It’s not an ordinary bike. It’s a special wheelchair bike for people with disabilities who can’t steer or peddle on their own.
On Monday, it was stolen.
The bike is owned by Camp Able, a beach-based summer camp for disabled kids and adults at Silver Strand State Beach. The wheelchair bike was one of the camp’s most popular attractions, says Jenelle Nettles, who’s been helping run the camp for 25 years.
Jenelle says they had just taken the bike out of the storage facility at the Crown Cove Aquatics Center to take inventory and get all the equipment ready for campers. The staffers were moving equipment from one part of the beach to another, and when she turned around, the bike was gone.
“My stomach dropped. I just wanted to throw up,” she said. “I knew this wasn’t something that we could easily replace.”
No one saw who took it. Jenelle alerted the guards and Silver Strand Beach Rangers, but no one could find the bike.
“It happened quick,” she says.
Jenelle says the bike, which was donated by City of Coronado in the 2016 Coronado Community Grant, is worth more than $6,500.
“It’s one of the campers’ favorite activities,” says Jenelle. “It’s popular because, while our camp is an aquatics camp, and we do a lot of sailing and canoeing and paddle boards, not all of our campers feel comfortable or safe in the water. So, the wheelchair bike is a great option for them.”
Jenelle says it’s something the campers can do that’s very different from what they get to do at home, whether they live in a household, at a hospital or a group home. Most people don’t have wheelchair bikes because they are so expensive.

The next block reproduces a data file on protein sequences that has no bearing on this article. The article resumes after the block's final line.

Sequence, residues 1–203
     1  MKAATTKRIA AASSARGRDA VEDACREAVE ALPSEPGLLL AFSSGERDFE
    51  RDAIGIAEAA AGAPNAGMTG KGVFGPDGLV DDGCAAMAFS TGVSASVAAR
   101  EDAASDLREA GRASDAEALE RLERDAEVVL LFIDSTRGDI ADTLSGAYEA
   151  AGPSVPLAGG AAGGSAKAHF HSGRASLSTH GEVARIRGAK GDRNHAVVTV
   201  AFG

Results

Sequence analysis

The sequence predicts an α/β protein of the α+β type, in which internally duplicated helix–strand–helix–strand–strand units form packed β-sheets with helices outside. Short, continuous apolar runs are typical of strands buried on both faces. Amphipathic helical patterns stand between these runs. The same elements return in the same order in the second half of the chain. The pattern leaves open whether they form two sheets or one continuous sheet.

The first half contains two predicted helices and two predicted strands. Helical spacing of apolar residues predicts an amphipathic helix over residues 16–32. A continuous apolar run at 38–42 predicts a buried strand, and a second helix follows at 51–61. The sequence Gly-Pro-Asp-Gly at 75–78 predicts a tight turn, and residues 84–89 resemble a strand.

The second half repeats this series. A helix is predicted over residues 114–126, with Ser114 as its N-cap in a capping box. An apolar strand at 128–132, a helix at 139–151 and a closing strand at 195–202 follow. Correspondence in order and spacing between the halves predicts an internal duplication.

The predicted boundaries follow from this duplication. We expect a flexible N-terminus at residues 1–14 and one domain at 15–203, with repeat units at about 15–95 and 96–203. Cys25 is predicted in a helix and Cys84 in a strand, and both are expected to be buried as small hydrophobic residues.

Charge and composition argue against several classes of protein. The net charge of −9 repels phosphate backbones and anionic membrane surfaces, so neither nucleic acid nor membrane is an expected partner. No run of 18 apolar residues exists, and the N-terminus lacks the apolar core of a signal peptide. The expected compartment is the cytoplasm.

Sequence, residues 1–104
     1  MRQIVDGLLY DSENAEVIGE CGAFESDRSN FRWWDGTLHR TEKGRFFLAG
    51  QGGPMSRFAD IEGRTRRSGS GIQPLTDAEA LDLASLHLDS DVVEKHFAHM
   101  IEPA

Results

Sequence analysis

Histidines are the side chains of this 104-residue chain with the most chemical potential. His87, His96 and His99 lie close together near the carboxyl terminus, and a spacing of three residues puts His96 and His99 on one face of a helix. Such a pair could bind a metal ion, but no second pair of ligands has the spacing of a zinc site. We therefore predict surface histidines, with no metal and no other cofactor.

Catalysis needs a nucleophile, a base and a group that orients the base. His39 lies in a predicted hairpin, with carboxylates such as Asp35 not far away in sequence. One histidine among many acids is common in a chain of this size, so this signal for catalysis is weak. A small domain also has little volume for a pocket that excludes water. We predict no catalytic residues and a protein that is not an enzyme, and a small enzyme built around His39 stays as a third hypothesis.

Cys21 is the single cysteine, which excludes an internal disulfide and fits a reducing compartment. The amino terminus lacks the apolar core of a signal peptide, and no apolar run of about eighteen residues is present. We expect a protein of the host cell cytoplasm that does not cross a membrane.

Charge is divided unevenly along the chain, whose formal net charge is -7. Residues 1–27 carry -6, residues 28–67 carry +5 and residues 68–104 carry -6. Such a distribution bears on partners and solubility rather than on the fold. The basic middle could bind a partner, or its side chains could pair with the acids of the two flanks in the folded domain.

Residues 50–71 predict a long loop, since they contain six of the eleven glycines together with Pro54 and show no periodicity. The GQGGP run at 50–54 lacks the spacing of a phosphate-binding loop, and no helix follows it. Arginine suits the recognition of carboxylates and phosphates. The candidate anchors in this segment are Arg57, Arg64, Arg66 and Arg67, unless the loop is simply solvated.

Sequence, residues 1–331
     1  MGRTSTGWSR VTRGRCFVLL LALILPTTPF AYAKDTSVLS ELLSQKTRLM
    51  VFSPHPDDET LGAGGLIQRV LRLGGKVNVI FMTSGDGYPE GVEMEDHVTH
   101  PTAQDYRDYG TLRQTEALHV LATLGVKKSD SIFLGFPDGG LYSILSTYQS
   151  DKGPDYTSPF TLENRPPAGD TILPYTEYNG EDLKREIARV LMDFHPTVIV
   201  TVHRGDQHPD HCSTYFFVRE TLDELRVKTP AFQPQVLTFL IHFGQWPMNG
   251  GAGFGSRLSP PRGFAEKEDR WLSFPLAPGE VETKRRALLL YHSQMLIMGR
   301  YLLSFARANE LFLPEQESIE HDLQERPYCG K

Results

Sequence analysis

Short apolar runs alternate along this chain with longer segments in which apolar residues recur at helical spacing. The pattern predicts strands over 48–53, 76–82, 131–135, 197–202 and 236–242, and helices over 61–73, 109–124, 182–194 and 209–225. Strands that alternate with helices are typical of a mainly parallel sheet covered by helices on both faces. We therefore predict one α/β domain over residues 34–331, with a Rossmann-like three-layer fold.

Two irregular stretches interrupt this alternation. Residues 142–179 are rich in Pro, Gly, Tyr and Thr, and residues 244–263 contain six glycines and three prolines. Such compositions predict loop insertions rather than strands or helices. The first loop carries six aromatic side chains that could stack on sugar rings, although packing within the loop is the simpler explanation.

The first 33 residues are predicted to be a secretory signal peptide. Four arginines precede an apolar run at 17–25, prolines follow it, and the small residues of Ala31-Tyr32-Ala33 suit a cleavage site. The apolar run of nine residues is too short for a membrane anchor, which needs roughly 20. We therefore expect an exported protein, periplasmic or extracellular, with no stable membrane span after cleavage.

While many of the campers who use the bike are nonverbal, they are able to express joy in their own ways.
“We can tell they are enjoying it by their visual expressions,” says Jenelle. “They will get excited, they will be alert and awake. Maybe they were asleep in their wheelchair, but when we put them on the bike and start riding them around, they wake up.”
And the campers who can talk, well, they’re always fighting for whose turn it is to ride it next.
“Everyone loves the bike,” she laughs.
It couldn’t have come at a worse time. Camp Able, which will see between 400-500 campers this summer, opens up on July 5th.
“We’re up to our eyeballs. It’s been a crazy two weeks,” says Jenelle.
She says Camp Able staffers have been busy fixing up all of their boats after a windy and rainy winter. In addition, the organization is still raising funds to cover costs for the camp. This is their 43rd summer, and the camp is still trying to rebound after COVID.
Before the pandemic, Camp Able hosted between 600-800 people with disabilities, from all over San Diego.
“After COVID, it was like starting from scratch again. We had to rebuild our volunteer base and our staff,” says Jenelle. “We are starting to get back some momentum, and see some of our old campers back.”
But there is a silver lining. After Jenelle shared information about the bike theft on social media, Charles Crehore from Coronado Happenings Facebook group reached out and said he would help her get some donations from community members.
So for, people have donated more than $2,800.
“I’m blown away,” says Jenelle. “I love this community so much. I can’t believe the generosity.”
But Jenelle has a message for the person who took the bike.
“I’m not sure they know what they have,” she says. “This bike is made for people with disabilities, for people that aren’t able to use their arms, their hands, their legs. This is the way that they can experience this. And you’ve taken this chance away from them. Could you please bring it back?”
She says the bike can be dropped off at the Coronado Police Station or the Coronado Fire Station. It can also be left at Crown Cove Aquatics Center.
In the meantime, community members who are interested in helping out can donate via Venmo at @campable, or on the Camp Able website. https://campableatcoronado.org/donate-now/.
Checks can also be sent by mail to:
Camp Able at Coronado
PO Box 180025
Coronado, CA 92178